Thursday, 10 March 2011

To the Frontier

Today’s postcard exploration of lines drawn on maps looks at the United States and its neighbours to north and south. The first postcard is a view from the Mexican side in the era of Prohibition and has been helpfully annotated by the sender to indicate the availability of alcohol. In 1940s film noir, the Mexican border was the first destination of many an anti-hero looking to keep one step ahead of the law. An image of a fugitive Robert Mitchum springs to mind, hat tipped down over his eyes, hands gripping the steering wheel, scattering flocks of sheep on the dirt roads leading south to yet another seedy hotel room and a femme fatale with an exotic Latin flavour. Two further cards show border crossings between El Paso, Texas and Juarez as they appeared in less contentious times, decades before Juarez would acquire the infamy that inspired Roberto Bolaño’s fictional re-creation in the dark and dreadful pages of 2666.

The last card is a masterpiece of vagueness and anonymity. The US – Canada border runs for 5525 miles making it the longest in the world. There are 122 controlled border crossings of which this card shows just one. The image is an epic of passivity and given the generic and featureless quality of both landscape and buildings there seems little possibility of identification. In the universe of linen postcards where reality is never less than two steps removed, it all makes perfect sense.

Tuesday, 8 March 2011

With Eric Rohmer in Parc des Buttes-Chaumont

Eric Rohmer’s films sharply divide critical opinion. Those with a taste for leisurely exposition, extended dialogues and philosophical complexity find much to commend. Others find them to be without equal when it comes to pretentious tedium. I can see both sides of this but the visual quality is the one I most appreciate - the sense of place and the curious intensity of observation in the way the camera is directed to record and scrutinise the surface of reality.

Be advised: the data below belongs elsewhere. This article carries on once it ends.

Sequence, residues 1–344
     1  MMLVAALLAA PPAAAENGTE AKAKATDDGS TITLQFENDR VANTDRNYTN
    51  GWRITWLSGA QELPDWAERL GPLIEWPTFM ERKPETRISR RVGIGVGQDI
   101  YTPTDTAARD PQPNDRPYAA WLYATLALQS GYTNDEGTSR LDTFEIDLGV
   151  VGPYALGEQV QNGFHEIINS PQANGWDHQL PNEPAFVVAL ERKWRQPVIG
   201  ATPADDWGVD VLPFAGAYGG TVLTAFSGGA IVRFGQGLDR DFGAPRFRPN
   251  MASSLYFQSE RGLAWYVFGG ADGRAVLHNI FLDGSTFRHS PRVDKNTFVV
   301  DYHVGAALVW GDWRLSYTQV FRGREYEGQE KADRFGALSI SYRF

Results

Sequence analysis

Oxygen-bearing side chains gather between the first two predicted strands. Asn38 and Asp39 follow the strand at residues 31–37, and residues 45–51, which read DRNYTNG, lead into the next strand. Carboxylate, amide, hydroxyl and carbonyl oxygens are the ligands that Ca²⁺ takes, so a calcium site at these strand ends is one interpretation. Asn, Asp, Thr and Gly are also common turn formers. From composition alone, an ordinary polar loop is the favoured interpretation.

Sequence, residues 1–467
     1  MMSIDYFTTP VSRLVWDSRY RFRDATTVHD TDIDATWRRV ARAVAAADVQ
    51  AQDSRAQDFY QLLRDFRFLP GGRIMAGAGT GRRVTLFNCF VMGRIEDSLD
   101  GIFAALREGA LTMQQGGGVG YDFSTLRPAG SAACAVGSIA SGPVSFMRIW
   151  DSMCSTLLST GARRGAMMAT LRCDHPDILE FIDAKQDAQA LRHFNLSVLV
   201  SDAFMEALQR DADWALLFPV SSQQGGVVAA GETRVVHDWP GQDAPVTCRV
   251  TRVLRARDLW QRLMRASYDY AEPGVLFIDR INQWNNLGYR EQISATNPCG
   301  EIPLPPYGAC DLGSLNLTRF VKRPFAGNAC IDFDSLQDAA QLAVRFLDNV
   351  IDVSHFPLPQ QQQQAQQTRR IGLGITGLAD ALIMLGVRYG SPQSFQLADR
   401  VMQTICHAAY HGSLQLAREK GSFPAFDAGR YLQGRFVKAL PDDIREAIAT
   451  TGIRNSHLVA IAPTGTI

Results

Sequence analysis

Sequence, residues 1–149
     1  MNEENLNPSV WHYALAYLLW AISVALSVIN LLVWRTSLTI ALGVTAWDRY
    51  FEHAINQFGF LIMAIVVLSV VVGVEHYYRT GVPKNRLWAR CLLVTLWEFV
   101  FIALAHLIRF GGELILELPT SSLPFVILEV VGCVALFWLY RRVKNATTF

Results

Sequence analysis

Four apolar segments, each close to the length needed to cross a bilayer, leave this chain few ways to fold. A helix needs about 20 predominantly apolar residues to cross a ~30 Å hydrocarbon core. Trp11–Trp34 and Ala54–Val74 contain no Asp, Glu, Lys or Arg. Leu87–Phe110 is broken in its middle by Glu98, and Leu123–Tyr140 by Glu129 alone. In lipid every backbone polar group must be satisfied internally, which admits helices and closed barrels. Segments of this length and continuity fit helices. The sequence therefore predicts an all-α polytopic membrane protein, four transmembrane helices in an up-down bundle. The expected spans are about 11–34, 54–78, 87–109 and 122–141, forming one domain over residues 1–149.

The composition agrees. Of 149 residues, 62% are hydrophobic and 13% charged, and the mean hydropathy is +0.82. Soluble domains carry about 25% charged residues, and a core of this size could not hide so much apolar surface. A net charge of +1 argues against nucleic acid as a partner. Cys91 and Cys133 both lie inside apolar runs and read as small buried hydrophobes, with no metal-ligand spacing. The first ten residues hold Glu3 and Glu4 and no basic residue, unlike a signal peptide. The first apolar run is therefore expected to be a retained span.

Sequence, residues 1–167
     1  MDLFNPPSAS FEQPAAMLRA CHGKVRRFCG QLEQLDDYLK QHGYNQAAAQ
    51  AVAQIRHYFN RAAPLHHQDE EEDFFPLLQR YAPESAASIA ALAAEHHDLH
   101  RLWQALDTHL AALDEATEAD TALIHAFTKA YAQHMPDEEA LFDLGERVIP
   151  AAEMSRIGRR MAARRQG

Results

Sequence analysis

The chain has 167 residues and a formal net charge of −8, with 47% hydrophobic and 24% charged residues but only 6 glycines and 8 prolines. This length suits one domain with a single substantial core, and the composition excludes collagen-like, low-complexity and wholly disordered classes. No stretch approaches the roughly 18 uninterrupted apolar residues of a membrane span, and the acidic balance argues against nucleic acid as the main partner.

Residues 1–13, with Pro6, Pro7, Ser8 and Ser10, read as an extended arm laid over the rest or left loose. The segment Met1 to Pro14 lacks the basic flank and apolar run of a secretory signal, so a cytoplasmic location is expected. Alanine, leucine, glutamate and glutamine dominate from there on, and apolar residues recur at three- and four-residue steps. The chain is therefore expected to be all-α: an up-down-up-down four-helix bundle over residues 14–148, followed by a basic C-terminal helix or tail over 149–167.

When filming La femme de l’aviateur in 1982, Rohmer selected the Parc des Buttes-Chaumont as the scene for the central encounter between the naive and emotionally confused twenty-something François and the precociously self-assured, articulate and animated fifteen year-old Lucie. François follows the aviator (with whom he suspects his girlfriend is deceiving him) and his female companion from Gare de l’Est to rue La Fayette where the three of them board an eastbound 26 bus. Unnoticed by François, Lucie also got on the bus and in order to keep the aviator under observation he moves to a seat opposite her. All four leave the bus at the Botzaris entrance to the park where Lucie and François collide with one another and strike up a conversation. What follows is a comedy of errors in which François, desperate not to disclose the secret object of his pursuit, tells his new companion an elaborate sequence of contradictory untruths.

The orbital meandering pathways in the park mirror the convoluted dialogue that results from François’s obfuscations. As his subterfuges unravel under Lucie’s spirited cross-examination she becomes his accomplice and takes the lead after they exit the park on to the rue Armand-Carrel and follow their target to the nearby office of a lawyer. Lucie weaves a web of deceit that in terms of invention easily surpasses the modest efforts of François. They sit at a café table in an attempt to maintain observation on their target where Lucie continues to baffle and befuddle the increasingly exhausted François to the point where he simply falls asleep. The film concludes with an interminable exchange between François and his neurotic girlfriend, Anne, that feels like the very worst of Rohmer and comes as a serious disappointment.